- Berkhamsted Collegiate School
Infobox UK school
name = Berkhamsted Collegiate School
size = 120px
dms = a
motto = "virtus laudata crescit" (
"greatness increases with praise"
"festina lente" (
established = 1541
1997 "as presently constituted"
type = Public school
Church of England
head_label = Principal
head = Mr Mark Steed
enrollment = 1460 (approx.)
gender = Mixed
lower_age = 3
upper_age = 18
colours = Blue and Green
free_label_1 = Former Pupils
free_1 = Old Berkhamstedians
free_label_3 = Last Inspected
free_3 = 2006 ( [http://www.isinspect.org.uk/reports/2006/0110_06_s.htm Report] )
website = http://www.berkhamstedcollegiateschool.org.uk
website_name = www.berkhamstedcollegiateschool.org.uk
Berkhamsted Collegiate School is a public school in
Hertfordshire, England, formed in 1997 by the amalgamation of the original Berkhamsted School, founded in 1541 by John Incent, Dean of St Paul's Cathedral, Berkhamsted School for Girls, established in 1888, and Berkhamsted Preparatory School.
Berkhamsted today follows the so-called Diamond Model, in which pupils are taught coeducationally in both the Prep School and
Sixth Form, but independently in the traditional Senior years, between the ages of 11 and 16. The school has three main sites, the Prep School, Castle Campus and Kings Campus (the latter two being the original boys' and girls' schools respectively).
The School is noted variously for its distinctive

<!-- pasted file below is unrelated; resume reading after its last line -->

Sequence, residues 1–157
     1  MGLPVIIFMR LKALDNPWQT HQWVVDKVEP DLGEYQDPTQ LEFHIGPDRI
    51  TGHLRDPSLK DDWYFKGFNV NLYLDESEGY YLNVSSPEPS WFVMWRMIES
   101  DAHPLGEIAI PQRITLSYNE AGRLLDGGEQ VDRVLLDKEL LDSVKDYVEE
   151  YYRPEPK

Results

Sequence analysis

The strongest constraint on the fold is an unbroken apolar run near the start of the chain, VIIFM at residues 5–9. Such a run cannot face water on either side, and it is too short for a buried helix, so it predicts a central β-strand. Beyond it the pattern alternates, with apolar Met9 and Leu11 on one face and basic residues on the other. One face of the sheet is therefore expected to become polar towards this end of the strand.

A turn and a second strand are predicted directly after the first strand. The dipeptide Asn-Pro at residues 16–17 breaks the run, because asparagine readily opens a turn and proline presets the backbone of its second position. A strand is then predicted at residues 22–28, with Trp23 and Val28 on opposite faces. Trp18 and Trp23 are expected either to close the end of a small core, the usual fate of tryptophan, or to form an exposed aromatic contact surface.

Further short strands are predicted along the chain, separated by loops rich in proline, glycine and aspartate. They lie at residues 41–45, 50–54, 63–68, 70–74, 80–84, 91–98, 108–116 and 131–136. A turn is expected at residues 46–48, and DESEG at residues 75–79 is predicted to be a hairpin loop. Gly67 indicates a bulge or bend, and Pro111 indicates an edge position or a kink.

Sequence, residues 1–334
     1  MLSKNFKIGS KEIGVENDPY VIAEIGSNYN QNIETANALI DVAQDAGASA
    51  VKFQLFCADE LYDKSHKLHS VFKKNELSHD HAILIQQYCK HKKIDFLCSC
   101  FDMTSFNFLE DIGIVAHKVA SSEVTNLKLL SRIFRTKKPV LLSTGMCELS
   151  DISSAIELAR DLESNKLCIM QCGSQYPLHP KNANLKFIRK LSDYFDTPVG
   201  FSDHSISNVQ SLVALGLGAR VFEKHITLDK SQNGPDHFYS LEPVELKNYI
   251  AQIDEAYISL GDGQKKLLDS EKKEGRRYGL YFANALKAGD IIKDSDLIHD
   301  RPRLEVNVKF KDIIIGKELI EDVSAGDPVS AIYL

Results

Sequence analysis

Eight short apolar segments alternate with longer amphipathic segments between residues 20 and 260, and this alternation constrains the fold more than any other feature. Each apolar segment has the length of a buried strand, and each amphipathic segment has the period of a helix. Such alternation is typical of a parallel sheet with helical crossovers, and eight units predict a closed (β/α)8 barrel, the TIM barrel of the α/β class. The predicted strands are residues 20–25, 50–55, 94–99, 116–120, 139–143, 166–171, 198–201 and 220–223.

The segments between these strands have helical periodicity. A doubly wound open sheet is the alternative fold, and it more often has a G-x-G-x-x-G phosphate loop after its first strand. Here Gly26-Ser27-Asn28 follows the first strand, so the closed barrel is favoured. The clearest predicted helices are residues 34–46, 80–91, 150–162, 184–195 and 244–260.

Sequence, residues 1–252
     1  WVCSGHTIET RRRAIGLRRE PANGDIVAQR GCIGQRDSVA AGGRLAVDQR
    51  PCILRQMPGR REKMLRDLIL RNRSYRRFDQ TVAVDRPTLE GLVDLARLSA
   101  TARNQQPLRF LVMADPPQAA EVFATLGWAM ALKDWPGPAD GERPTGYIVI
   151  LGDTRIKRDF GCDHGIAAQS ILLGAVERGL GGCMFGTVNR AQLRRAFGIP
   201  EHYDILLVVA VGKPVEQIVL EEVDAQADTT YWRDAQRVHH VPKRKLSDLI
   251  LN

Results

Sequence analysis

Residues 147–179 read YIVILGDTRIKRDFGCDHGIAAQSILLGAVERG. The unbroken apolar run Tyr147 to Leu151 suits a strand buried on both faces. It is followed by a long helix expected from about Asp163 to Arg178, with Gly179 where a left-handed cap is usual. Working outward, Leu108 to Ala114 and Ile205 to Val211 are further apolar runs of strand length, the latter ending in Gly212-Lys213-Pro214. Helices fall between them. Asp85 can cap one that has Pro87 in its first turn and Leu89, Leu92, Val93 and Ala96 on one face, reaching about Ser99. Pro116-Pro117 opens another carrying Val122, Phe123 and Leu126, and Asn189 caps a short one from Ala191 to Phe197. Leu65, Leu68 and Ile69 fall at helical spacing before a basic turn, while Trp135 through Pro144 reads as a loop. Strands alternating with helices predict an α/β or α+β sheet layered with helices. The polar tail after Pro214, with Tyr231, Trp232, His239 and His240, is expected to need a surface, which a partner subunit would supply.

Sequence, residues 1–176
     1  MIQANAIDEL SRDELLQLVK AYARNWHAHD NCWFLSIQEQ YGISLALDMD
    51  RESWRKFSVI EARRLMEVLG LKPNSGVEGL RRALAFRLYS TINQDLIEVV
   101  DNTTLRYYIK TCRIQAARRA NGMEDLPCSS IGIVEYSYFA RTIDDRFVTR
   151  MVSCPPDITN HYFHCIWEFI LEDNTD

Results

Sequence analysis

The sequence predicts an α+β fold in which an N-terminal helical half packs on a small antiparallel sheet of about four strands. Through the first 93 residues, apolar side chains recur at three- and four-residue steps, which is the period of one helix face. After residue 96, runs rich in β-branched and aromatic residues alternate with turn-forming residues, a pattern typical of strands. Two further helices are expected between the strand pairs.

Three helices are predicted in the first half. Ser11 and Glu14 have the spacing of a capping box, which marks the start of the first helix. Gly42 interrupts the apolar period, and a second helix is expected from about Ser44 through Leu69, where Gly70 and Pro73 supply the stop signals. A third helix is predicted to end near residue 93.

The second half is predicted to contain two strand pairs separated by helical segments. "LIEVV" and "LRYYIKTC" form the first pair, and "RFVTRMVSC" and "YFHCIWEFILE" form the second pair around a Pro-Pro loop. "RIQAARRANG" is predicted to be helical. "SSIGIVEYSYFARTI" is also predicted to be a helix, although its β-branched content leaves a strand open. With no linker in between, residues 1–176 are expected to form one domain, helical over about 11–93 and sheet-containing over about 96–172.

collegiatestructure, the particular strength of its lacrossesides and for participation in the life of the local community. The current Principal is Mr Mark Steed and the school has some 1500 students and 200 staff. Mr Mark Steed replaced Dr Priscilla Chadwick on the 1st September 2008 when Dr Chadwick retired. Mr Steed was previously headmaster of Kelly Collegein Tavistock, Devon. He has many plans to develop the school even further including introducing a new uniform and continue improving the P.E. sports department.
All Berkhamsted pupils belong to a House throughout their time at the School. Each House is run by a House Master or Mistress supported by several House Tutors. Together they are responsible for providing pastoral support for their pupils and serve as the primary link between parents and the School. Houses are both physical environments and communities, each forming a distinct entity within the larger organisation of the School itself. Pupils attend their house for morning and afternoon registration, to play games throughout the day, and for the majority of the administration which governs their time at the School. They also participate in School events on behalf of their House.
enior boys' houses
*Adders was formed in 1915 to accommodate the so-called "train boys" who, by nature of their daily commute to school, were often excluded from School activities. 'Adders' may be a casual abbreviation of "the add-on house" or, more probably, a contraction of 'Adlebert House', now the Chaplain's residence. Adders is situated in a separate building next to Newcroft and it takes the ground floor while Fry's house uses the top floor. Current house master Mr David Pain
*Bees, dating back to 1897 and situated on Mill Street next to Swifts. Current Head of House (the first female teacher to hold such a post in a Boys House) Miss Steph Kirton